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Selective “mourning” behaviour in chimpanzees

Researchers have shown that chimpanzees ‘mourn’ the death of a chimpanzee in their social group, and the way they express their mourning depends on how ‘close’ the chimpanzee was to the deceased. A collaboration between the Gonzaga University (Spokane, Washington, USA) and the Max Planck Institute (Nijmegen, Leipzig) shows that chimpanzees react very differently to the death of a socially integrated individual than to the death of an infant, and that they mourn in relative silence, which is unusual for chimpanzees.
Selective “mourning” behaviour in chimpanzees

Edwin van Leeuwen and Katherine Cronin (associate researchers who formerly worked in the Comparative Cognitive Anthropology group of the Max Planck Institute for Psycholinguistics in Nijmegen) conducted their observations in May 2010 at Chimfunshi Wildlife Orphanage Trust in Zambia. Wild-born chimpanzees, who have been rescued from illegal trade, live in this orphanage in the largest social groups and enclosures in the world.

The researchers previously reported the sad case of a chimpanzee mother who lost her daughter, before now publishing about a second unusual case: the death of an adult chimpanzee named Thomas.

chimp mother dead daughter

Masya inspects the face of her deceased daughter carefully. A single group member pays attention briefly, before returning to continue with the order of the day. (Click here for movie clip.)

Group process

The respective chimpanzees had been observed before in their response to deceased group members, but never to the death of an adult individual who has established meaningful social bonds with others. When an adult chimpanzee named Thomas passed away, almost the entire group gathered around him and looked silently at the body. This is unusual because chimpanzees are generally restless in large groups and therefore prefer to stay in small subgroups, but this event brought everyone together in a way that researchers had never seen before.

group member chimps

Group members gather around the body; they sit idly, without any significant events occurring; at times one member specifically inspects the body.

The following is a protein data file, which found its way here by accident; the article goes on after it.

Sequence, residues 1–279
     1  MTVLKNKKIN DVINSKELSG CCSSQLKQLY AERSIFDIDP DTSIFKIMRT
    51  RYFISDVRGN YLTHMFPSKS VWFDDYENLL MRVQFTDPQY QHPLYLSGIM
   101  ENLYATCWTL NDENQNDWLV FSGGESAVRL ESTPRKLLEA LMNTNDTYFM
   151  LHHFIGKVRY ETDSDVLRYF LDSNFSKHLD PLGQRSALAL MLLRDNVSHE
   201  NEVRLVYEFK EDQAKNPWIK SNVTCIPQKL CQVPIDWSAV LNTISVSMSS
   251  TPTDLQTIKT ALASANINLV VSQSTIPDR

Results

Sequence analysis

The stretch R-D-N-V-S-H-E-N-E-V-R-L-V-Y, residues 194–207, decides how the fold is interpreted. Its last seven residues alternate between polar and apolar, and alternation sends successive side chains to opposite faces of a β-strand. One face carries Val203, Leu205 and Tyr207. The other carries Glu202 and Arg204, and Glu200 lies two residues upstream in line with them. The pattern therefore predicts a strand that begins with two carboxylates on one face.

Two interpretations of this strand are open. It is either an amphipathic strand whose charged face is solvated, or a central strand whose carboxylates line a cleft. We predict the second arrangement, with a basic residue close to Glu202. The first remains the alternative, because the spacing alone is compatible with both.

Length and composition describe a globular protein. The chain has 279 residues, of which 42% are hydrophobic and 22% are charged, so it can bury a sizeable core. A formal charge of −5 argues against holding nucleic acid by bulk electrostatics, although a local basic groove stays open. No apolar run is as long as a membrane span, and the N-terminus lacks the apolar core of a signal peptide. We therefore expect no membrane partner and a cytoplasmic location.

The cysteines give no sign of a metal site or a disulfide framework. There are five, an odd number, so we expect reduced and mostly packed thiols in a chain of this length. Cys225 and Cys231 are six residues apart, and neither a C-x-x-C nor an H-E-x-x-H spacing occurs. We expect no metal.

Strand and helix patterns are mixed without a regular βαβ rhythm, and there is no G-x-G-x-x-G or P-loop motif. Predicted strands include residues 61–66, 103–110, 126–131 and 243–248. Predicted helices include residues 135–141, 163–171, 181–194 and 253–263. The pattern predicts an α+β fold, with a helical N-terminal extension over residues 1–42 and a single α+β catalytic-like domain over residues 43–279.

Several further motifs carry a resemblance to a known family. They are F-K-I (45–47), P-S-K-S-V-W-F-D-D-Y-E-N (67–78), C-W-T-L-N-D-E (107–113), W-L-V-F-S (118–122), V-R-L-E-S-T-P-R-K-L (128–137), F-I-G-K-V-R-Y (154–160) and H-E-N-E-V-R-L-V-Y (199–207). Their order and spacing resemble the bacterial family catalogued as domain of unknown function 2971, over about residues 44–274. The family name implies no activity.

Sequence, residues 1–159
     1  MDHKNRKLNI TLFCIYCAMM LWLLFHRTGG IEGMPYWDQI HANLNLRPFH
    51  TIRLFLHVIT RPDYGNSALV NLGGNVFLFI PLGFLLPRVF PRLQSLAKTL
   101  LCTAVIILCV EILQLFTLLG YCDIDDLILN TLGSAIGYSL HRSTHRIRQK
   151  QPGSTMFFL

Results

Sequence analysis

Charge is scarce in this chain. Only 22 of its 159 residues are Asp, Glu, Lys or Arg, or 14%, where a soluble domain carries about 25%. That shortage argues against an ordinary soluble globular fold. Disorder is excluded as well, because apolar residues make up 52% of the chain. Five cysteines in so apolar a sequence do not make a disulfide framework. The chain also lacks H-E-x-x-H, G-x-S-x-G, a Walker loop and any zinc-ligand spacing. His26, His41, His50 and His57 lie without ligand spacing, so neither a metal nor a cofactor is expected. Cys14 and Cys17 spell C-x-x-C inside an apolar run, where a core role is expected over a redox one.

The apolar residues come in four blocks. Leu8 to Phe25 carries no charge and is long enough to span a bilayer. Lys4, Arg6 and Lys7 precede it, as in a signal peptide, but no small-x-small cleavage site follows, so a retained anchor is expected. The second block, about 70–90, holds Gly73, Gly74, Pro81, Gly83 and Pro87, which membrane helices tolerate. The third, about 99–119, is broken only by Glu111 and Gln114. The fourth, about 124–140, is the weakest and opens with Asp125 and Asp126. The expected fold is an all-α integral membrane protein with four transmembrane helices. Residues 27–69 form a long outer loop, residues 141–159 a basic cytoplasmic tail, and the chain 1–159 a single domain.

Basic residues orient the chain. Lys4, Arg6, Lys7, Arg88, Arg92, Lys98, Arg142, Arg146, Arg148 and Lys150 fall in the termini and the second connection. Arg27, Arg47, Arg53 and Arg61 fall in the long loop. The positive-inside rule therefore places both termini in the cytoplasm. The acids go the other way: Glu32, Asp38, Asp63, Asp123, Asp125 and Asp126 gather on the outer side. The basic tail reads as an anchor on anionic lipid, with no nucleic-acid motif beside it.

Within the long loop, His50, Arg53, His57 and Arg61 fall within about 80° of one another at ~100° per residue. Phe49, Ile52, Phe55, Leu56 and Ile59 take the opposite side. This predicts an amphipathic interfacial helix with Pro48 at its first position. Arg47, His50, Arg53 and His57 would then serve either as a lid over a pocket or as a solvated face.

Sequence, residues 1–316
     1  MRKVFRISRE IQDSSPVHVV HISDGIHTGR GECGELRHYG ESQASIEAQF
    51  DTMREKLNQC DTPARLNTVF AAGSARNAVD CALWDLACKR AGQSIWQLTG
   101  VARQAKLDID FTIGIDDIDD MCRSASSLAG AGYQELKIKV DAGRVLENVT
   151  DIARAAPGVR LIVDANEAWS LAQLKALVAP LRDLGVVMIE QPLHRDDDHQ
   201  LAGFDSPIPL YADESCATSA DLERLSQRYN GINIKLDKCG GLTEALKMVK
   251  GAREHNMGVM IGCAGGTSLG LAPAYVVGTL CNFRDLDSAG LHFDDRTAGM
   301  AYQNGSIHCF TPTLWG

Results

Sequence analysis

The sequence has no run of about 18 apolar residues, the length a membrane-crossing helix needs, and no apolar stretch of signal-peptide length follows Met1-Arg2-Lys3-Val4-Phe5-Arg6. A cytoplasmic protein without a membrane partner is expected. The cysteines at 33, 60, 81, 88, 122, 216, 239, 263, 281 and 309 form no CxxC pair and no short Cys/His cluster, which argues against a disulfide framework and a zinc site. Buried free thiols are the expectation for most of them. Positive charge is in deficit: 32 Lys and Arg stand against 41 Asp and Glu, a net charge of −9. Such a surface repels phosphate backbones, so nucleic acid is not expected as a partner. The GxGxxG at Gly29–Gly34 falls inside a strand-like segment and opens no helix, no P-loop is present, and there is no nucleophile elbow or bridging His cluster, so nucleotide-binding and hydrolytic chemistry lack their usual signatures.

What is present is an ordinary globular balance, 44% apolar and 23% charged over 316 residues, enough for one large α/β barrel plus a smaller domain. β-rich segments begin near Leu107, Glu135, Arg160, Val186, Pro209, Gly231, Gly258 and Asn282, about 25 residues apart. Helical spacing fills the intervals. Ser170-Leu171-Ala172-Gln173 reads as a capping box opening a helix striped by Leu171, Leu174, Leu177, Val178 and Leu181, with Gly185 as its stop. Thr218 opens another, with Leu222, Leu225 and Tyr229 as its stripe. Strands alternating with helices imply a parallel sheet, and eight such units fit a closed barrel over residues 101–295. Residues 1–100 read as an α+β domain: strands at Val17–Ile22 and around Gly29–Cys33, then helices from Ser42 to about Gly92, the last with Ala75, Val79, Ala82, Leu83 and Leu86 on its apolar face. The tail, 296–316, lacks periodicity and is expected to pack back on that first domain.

Selective “mourning” behaviour

Earlier observations showed that primate mothers sometimes carry their deceased offspring with them for prolonged times, or even go through a phase where they slowly learn that their offspring is actually dead (read here). In the previously observed case, only the mother inspected the body; the other chimpanzees only briefly showed interest before leaving the body again. However, the new observations show that when such a tragic event relates to a socially mature individual, the reactions of the other chimpanzees are more elaborate and also more specific. Besides the fact that almost the entire group gathered at the dead body, there were some striking behaviours observed. For instance, the adult male named Pan, who had always taken care of the deceased chimpanzee (Pan had adopted Thomas when Thomas’ mother died, which is quite remarkable in itself), strongly responded by frequently inspecting the body and chasing off a mischievous youngster who touched the body. "Pan always protected Thomas, and he seemed to exhibit the same care over the dead body of Thomas," said van Leeuwen, who has been closely involved in the study of this group of chimpanzees since 2007.

 Cleaning teeth

Noel (surrogate mother) uses grass to clean the deceased's teeth, while her daughter Nina, a loyal playmate of the deceased, is intently watching.

Care for the deceased

The researchers also observed how a female (Noel) – who had taken up the role as surrogate mother for Thomas after his own mother died – thoroughly inspected and even cleaned the body with attentive care. "Noel refused to be distracted by caregivers who offered food to lure the chimpanzees away... Instead, she stayed near Thomas' body and cleaned his teeth with dried pieces of grass," said van Leeuwen.

"These observations show that chimpanzees’ reactions to death are determined by social characteristics of the deceased, and that their selectivity is related to how well they got along with the deceased. Such observations remind us of the extent to which our sociality, including our care for the dead, has its roots in our evolutionary history."

More information:

Link to the publication:

Link to the videos as reported by the BBC and Dutch newspaper NRC:

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